Gender pension gap in the EU hits 40 per cent

Gender pension gap - women earn considerably less in retirement than men

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The gender pension gap is significantly larger than the average gap in earnings between men and women, according to a new report

Retired women living in the EU receive considerably less retirement income on average than their male counterparts – more than double the average gender gap in earnings – new research has found.

HR consultancy firm Mercer reports that the average gender pension gap in the EU (measured by annual pension received and based on Eurostat data) is currently 40 per cent, compared to an average gender pay gap of 16 per cent.

The severity of the gender pension gap varies widely from one EU member state to another – between four and 49 per cent.

Germany and the Netherlands are among the countries with the highest gender pension gap – between 40 and 49 per cent – while Hungary and Estonia have the smallest gap – between four and 10 per cent.

In the UK the gender pension gap stands at 39.5 per cent.

Gender pension gap ‘highly relevant to companies’

A failure to address the substantial difference could cause long-term problems for business and governments, according to Mercer:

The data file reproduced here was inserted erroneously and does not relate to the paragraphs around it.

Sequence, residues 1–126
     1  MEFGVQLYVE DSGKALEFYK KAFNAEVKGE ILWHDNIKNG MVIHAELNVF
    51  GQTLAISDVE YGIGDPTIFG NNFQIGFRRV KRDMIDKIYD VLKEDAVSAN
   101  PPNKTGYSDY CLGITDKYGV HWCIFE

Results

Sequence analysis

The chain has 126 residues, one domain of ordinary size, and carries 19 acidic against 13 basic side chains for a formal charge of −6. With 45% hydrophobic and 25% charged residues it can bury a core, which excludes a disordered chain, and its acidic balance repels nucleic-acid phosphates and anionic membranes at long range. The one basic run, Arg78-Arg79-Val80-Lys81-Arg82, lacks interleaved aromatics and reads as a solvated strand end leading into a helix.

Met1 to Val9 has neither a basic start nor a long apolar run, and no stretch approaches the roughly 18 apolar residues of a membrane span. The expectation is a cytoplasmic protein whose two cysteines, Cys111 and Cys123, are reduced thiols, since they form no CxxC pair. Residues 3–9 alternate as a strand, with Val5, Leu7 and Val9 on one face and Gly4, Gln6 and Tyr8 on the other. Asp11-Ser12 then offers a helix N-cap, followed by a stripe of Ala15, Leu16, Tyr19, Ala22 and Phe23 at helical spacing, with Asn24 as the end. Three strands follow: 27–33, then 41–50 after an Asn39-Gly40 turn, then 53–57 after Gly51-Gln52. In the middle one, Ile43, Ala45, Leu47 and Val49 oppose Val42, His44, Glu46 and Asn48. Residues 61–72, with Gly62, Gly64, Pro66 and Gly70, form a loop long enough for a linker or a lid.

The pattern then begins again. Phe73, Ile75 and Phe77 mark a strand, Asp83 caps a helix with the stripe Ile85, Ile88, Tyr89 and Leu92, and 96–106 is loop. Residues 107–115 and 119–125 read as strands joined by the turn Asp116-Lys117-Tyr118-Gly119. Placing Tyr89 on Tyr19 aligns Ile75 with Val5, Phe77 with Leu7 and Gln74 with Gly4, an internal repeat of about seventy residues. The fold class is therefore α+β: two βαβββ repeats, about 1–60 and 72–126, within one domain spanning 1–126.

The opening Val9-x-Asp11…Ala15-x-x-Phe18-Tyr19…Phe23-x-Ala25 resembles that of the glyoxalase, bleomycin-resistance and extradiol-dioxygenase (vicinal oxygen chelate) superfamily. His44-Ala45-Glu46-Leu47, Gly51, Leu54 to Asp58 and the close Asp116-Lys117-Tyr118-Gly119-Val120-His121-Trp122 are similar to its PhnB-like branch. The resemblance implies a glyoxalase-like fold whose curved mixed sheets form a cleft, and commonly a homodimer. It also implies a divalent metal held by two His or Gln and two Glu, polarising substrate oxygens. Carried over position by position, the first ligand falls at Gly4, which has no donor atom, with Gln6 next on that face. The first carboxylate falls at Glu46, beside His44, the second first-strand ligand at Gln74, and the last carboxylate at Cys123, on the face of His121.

“The pensions gap should also be [at the] front of employers’ minds,” said Mandy Schreuder, diversity and inclusion consultant at Mercer.

“Women live longer, but with lower levels of savings they face a higher risk of retiring into poverty than their male counterparts.

“The gender pay gap may be a hot topic at the moment but few of us consider the impact it has, in combination with career breaks, on the financial wellness of women in retirement.

“Coupled with an ageing European workforce, this challenge will be highly relevant to companies over the coming years,” she added.

The huge discrepancy between pensions payouts for men and women is reportedly due to an under-representation of women in the workforce, lower pay and family-related career breaks.

The current level of inflexibility in pensions systems and women’s risk-aversion and lack of confidence in retirement planning is also cited as a problem by experts.

Eve Read, head of proposition, DC & financial wellness for Mercer said: “Most retirement plans are designed for a 40-year-long, continuous, full-time career with few breaks, and do not reflect women’s divergent needs.

“Companies should review their benefits plans and communications through a gender lens to ensure they address the specific issues and needs of the female workforce.”

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